Was it the philosopher George Santayana who said, "Those who don't remember the past are condemned to repeat it?" Did he offer any hints for those of us who want to repeat the past, especially the successes? We're beyond the teary elegies of 2011 and deep into making resolutions for 2012. If we're going to stand half a chance of creating something great this year, it only makes sense to pause and celebrate what went right in 2011.
Here is our list of 2012 Technology of the Year Award winners, given to the hardware and software we reviewed over the past year that make life better for the people who toil in service of the enterprises and, it only follows, for the customers who are served by them. We spent several weeks arguing over the list and, in the end, produced our annual collection of tools we want to celebrate. Not all of the choices were unanimous, but all of them made us look two or three times because there was something amazing.
[ Read about the winning hardware, software, development tools, and cloud services in our slideshow, "InfoWorld's 2012 Technology of the Year Award winners." ]
Many of the winners -- but far from all -- are new to the list, but that doesn't mean they're new to us. One of the list's most distinctive features is how much it repeats the past, illustrating how much technology builds on what came before. Even the new entries are several years in the making. They didn't appear out of nowhere, but captured the strengths of trends that have been building for numerous years.
Yesterday and today The most obvious example is Microsoft Office 2010, condemned to repeat its success here even though you're probably searching for the commenting button already to make the perfectly good claim that the digits "2010" don't belong on a list for 2011. Fair enough, but we decided the Web apps from Google and others just weren't ready to lead the parade. One editor said he wanted to assume that Office's "days were numbered," but then he took one look at Office's record sales figures (which bear out the results of Serdar Yegulalp's office suite comparison) and changed his mind. While the Web apps are undeniably cool and easy to administer, all of us had to admit there was just something zippier and truly empowering about a native app you install on your computer. We're not arguing for becoming grid-free survivalists, just realists about the limits of the cloud.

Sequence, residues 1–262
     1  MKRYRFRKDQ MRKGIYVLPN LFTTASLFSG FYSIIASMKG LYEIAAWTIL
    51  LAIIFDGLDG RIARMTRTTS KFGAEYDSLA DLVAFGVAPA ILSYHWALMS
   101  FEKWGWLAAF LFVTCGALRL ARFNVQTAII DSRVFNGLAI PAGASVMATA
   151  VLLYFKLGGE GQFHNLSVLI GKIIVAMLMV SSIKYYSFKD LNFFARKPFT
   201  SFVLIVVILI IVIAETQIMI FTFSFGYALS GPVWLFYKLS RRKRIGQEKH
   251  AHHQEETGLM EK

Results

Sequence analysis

Microsoft has also been enhancing other tools with a grip on the enterprise. Lync turns the PC into a communications center, usurping some of the responsibilities of that increasingly idle phone that sits next to it on your desk. The smooth videoconferencing, now more flexible and easier to install in your office, is only a minor piece of the promise. The Windows Small Business Server stack is also a winner here for all of the little enhancements that make it easier for small offices to start a full-service network and provide remote access through a Web interface. Microsoft shops can continue to sail into the future with a feature-rich environment that's as current as can be found.
Our list includes a number of other unstoppable juggernauts that are similarly condemned to repeat the past. The iPad 2 follows the first iPad into the winner's circle. The MacBook Air is also faster and better, like the iPad the model for a forthcoming wave of competing products. Apple continues to delight us with a walled paradise built on iOS and the App Store while delivering surprises like Siri, a tool that for some odd reason makes us smile instead of poke fun as we did with the Newton. The reality distortion field lives on. All of these tools are better connected to the cloud, which in this case means the Apple-only iCloud.
The bulk of the new products in this list all live in the cloud and are thoroughly part of the cloud ecology, delivering on cloud promises. We're afraid that we'll be condemned to repeating this "cloud" word for a long time.